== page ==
[arin-ppml] Draft proposal that needs some wordsmithing
v6ops at globis.net
Fri May 6 12:32:34 EDT 2011
> From: "Mike Burns" <mike at nationwideinc.com>
> After exhaust a free market is the appropriate mechanism to ensure addresses
> are allocated and used efficiently.
A claim completely unsupported by any credible evidence whatsoever.
Repeating this like a mantra doesn't it make any more true IMHO.
[and yes I think I have read all of the many posts exploring this issue]
[And no, I am not against free markets per se.]
> Prior to exhaust, without such a mechanism, I could have walked up and asked
> for a /2.
You seem to ignore the fact for convenience that this is *almost
exactly* what happened at the top level allocation split of the 2^32
globally unique IPv4 address space between US based entities versus the
rest of the world. The US has approx a /2. The rest of the World (who
came rather late to the party) have to make do with the rest of the 2^32
One address space does not exist without the other. We live on a global
Internet. ARIN allocates addresses from a proper subset of the globally
unique IPv4 space. ARIN members communicate with nodes located in other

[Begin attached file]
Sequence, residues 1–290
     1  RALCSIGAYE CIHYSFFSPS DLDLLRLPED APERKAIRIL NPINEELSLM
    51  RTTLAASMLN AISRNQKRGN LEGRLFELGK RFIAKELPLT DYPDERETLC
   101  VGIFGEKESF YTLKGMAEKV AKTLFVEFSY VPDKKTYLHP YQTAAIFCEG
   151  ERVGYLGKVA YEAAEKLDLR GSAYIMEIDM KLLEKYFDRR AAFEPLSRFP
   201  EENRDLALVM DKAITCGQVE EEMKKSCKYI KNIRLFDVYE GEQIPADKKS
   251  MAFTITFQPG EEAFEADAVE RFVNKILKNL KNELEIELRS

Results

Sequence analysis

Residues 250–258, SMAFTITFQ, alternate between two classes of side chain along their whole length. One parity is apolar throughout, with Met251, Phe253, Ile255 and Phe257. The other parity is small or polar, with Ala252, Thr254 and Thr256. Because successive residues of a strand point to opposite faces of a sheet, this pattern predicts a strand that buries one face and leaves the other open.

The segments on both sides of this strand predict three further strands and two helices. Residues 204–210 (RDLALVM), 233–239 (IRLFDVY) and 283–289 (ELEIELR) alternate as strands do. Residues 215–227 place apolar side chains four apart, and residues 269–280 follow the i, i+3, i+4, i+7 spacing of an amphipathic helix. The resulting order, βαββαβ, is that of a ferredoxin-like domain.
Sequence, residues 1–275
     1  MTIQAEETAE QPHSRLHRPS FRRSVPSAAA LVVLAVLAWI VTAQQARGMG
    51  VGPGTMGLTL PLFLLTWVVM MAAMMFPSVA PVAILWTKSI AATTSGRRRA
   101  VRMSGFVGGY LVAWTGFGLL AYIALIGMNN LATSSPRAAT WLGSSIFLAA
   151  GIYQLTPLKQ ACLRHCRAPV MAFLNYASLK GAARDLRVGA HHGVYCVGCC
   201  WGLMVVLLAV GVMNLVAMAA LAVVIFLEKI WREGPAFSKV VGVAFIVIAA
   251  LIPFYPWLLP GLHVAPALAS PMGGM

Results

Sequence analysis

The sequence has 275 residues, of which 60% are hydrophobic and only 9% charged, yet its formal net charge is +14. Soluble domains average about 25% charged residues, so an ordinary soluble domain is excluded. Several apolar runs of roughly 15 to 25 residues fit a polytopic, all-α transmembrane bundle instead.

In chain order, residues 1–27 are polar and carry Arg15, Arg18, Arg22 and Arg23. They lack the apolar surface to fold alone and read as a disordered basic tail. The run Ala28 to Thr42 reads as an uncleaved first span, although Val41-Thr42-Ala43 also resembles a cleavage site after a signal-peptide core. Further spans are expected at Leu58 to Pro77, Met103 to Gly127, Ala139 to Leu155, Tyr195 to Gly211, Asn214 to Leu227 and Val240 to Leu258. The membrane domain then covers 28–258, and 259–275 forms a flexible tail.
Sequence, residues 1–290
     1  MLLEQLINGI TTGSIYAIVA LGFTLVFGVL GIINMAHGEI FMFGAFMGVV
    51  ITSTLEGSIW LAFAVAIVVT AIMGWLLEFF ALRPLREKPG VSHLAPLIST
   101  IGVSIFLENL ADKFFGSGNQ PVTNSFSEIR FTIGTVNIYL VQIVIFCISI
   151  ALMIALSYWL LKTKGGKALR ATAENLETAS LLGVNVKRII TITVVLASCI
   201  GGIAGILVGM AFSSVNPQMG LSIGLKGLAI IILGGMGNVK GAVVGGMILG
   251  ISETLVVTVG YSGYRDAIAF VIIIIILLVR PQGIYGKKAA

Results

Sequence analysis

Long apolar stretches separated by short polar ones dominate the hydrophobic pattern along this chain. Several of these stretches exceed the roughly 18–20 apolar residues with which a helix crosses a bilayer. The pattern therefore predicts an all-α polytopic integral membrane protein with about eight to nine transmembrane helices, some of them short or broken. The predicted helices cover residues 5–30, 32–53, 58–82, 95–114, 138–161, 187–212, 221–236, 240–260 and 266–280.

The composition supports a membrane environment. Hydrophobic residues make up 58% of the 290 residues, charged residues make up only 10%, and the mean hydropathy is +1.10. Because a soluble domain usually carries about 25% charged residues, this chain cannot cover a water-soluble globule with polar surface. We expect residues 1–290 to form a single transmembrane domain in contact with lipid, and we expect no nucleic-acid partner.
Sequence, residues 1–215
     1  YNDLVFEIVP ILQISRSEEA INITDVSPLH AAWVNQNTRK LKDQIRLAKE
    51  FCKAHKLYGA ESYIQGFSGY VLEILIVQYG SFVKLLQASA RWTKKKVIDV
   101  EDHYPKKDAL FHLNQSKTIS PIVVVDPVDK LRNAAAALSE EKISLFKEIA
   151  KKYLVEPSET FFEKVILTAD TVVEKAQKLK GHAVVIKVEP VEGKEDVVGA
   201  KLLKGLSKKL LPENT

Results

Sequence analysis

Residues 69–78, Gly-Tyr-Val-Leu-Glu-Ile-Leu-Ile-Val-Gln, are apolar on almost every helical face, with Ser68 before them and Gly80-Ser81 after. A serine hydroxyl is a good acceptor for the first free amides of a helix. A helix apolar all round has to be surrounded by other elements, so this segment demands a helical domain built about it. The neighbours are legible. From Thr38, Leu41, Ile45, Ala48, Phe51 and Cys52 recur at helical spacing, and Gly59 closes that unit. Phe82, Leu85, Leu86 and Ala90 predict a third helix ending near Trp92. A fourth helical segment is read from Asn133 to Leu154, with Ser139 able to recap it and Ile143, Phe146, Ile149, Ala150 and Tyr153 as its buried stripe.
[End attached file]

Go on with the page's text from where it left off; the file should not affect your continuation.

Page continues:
If you're going to claim that a free market is the best practice for
handling the ARIN space upon exhaustion, then it would be completely
illogical to conclude anything other than that this market would also
have to be a global market covering all of the RIR regions and all of
the IPv4 address space [because the 2^32 addresses of the globally
unique IPv4 address space is a single contiguous global resource].
Especially as demand for address space in APNIC has consistently grown
so much faster than in the US in the recent past.
The real crunch with IPv4 address exhaustion is not going to hit US
companies internally, or even communication between ARIN members: it's
going to hit US companies and ARIN members who want to communicate with
suppliers, customers etc. located in APNIC. It's no good you having 20
addresses if your communication partner doesn't have any. [20:1 is the
current ratio of addresses per capita between the US and CN]
You can't have your cake and eat it.
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